A track that for some reason I decided to use as my wake up alarm for about two months. Since I had it on cassette single, this meant that I had to make sure the tape was in and rewound every night. And also, I think, that I’d pressed play + pause. And that the timer was on. Those were the days…
It took the Pixies, borrowing the Hüsker Dü blueprint and bending it to their loudQUIETloud will, to show Bob Mould the way to commercial success. With his new band, Sugar, on “Copper Blue” he put the melody to the front, saving the hardest material for the following year’s mini LP “Beaster”. There’s even an undisguised Pixies tribute (“A Good Idea”), and a love song and actual chart hit (‘If I Can’t Change Your Mind’).
Poor Evan Dando, weighed down by all that lovely long hair, barely has the energy to sing or play guitar, let alone sing AND play guitar at the same time. It takes a lot of studied effort to be this laid back, you know. Juliana Hatfield, meanwhile, seems to have swapped her bass for a camera, for reasons that are beyond me.
Martin Carr tends to be pretty honest about some of his back catalogue, once describing Wake Up Boo! as the most cynical thing he’d ever done. Of I Hang Suspended he writes:
This was influenced by the guitar playing of Bernard Butler. The title was inspired by a line from “Chimes of Freedom” by Dylan. The rest of it is crap. I think Sice knew that as well because it took him ages to muster up enough enthusiasm to sing it.
Lazy Day, he says, is a song about a dream about Charles Manson, which is not obvious from the title, lyric (about 20 words in total), or music – 90 seconds, give or take, of rumbling guitar thrash interspersed with the simplest of melodies. It’s the kind of thing teenage indie-freaks play loud in the hope of annoying someone nearby.
In honour of the one-day football tournament I’m currently slogging my guts out at. I’m using this and the John Barnes rap from World In Motion for inspiration. Jumpers for goalposts? Isn’t it? Marvellous.
Of course, everyone remembers that Boing! was an album by Airhead, and a single by The Wedding Present. One of the 12 they released in 1992 in their monthly chart attack. While Boing can be found on youtube, and features a lovely video with a steam engine and a bouncy castle, NME and I agreed that in 1992, California was one of the singles of the year. Warning: fairly rudimentary vocal stylings on this one, as you’d expect from David Gedge.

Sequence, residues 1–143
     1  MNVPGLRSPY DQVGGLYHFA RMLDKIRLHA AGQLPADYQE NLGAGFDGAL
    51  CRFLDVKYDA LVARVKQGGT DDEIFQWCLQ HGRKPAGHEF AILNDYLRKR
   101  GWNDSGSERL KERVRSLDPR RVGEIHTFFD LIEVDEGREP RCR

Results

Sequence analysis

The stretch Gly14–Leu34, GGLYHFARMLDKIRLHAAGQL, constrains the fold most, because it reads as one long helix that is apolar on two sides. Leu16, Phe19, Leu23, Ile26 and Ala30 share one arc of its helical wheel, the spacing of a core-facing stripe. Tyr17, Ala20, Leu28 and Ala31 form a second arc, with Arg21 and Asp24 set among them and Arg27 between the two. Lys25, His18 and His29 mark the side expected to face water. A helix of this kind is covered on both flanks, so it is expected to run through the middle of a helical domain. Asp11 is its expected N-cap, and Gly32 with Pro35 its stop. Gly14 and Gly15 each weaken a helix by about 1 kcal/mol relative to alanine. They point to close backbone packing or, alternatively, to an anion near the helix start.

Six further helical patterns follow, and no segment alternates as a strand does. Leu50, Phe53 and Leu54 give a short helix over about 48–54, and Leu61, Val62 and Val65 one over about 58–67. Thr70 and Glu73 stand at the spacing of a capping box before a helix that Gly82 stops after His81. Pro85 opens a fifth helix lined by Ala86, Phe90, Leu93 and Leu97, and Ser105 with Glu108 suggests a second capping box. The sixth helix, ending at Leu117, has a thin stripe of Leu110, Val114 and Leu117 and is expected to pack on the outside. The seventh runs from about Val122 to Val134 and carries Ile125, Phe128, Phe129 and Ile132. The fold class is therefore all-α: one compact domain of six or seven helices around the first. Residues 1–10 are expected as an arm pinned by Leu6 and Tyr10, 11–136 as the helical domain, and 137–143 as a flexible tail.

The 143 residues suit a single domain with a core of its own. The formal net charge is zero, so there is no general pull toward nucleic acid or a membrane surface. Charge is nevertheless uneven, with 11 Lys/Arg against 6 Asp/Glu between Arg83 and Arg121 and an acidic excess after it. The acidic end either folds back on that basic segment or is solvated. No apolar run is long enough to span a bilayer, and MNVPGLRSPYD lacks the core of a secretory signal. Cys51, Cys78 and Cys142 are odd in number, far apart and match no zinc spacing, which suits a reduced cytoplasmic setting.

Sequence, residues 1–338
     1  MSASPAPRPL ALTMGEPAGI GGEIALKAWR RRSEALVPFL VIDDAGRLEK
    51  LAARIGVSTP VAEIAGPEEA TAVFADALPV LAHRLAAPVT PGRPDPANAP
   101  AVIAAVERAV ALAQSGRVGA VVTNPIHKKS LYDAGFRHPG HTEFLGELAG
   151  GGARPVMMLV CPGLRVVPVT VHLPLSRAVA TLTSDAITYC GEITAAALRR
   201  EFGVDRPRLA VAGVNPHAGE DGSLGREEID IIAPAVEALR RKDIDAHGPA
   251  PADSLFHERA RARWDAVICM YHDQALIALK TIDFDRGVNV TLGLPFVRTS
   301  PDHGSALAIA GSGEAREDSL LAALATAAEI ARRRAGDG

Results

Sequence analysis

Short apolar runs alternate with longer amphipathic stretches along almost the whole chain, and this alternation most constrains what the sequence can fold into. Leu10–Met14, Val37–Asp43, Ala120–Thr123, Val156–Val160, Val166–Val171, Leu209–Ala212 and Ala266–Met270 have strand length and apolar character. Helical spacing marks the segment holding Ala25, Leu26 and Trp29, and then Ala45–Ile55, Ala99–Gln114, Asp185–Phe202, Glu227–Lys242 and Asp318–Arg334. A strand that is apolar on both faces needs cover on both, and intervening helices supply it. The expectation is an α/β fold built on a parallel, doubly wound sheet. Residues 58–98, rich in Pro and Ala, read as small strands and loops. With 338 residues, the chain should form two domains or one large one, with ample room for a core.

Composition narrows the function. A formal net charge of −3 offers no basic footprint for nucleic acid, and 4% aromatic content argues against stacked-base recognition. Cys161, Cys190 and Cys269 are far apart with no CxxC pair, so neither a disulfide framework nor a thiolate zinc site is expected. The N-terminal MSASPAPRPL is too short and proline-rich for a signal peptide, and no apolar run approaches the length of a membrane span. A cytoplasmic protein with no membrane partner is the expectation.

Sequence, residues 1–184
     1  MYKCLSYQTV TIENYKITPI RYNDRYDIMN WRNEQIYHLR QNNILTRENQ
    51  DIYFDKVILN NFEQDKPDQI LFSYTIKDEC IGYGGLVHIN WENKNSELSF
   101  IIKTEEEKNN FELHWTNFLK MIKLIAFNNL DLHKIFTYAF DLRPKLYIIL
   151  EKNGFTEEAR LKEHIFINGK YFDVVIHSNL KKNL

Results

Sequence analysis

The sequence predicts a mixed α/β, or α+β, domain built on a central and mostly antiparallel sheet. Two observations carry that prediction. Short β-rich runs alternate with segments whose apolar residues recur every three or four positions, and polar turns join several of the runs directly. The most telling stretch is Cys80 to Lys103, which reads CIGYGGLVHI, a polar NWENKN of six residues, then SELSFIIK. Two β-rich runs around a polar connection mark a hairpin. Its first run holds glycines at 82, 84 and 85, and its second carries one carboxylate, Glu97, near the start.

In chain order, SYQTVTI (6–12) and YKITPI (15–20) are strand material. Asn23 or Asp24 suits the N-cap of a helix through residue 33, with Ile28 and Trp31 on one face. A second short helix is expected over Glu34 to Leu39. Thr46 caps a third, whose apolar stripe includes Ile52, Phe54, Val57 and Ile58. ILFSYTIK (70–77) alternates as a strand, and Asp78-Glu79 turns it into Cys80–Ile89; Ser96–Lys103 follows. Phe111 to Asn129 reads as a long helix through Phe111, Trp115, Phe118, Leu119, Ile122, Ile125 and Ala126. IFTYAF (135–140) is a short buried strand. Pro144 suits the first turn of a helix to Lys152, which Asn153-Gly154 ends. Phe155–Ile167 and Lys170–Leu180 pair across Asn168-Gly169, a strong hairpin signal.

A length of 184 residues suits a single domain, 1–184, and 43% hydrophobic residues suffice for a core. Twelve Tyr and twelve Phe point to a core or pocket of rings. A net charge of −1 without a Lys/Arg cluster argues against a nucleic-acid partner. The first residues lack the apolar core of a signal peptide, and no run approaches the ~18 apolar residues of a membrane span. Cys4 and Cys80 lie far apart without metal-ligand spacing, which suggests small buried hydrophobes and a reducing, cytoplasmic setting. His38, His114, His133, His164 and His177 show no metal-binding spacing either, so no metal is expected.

Well, I’ve slipped back a year again (kinda – the single was out in ‘91, the album in ‘92…), but I have my reasons. This one just popped into my head while I was thinking about The Wedding Present. 10 points if you know why…
Airhead’s sole album was, in the words of the NME, “an irrepressible, intensely likeable pop album delivered with a sackload of energy, spirit and zero pretension”. Shiny happy pop people making no attempt to hide their influences, in other words. And taken on that level, hard to hate.
It’s the lovely Harriet Wheeler again. If you don’t think she has just the most beautiful voice, you might want to consider booking an appointment with your local ear calibrator.
Had I been older, perhaps, or at least more rock, art-rock, or punk literate when The Jesus and Mary Chain released Honey’s Dead in 1992 I might have seen it more in the context of the gradual dilution of their sound, and the point where they started to turn away from the noise and feedback and towards the acoustic sound that would define their 1994 follow-up Stoned and Dethroned. As it was, from the opening top ten and banned from Top Of The Pops single Reverence, through the sweet melodies of Good For My Soul and Sundown and tracks like Catchfire, Tumbledown, and Far Gone And Out, propelled along by the presence of drummer Monti (borrowed from Curve), the whole piece just felt infused with an irresistible cool.
Who’s this – is it Garbage?
Meanwhile, back in the land of the criminally overlooked were Moose, thrown in the shoegazing bucket because in their very early days, on their first few EPs, waves of guitar did indeed wash over the songs. Not only that, but according to lead singer KJ McKillop it was his habit of looking down at the array of effects pedals at his feet that coined the scene’s name in the first place.
By the time tracks from those EPs had been collected together as “Sonny of Sam”, and Moose had recorded “…XYZ”, the label already started to seem inaccurate. The album is more country-tinged pop than reverb heavy shoegazing, liberally strewn with gems, including a cover of Fred Neil’s wonderful ‘Everybody’s Talking’.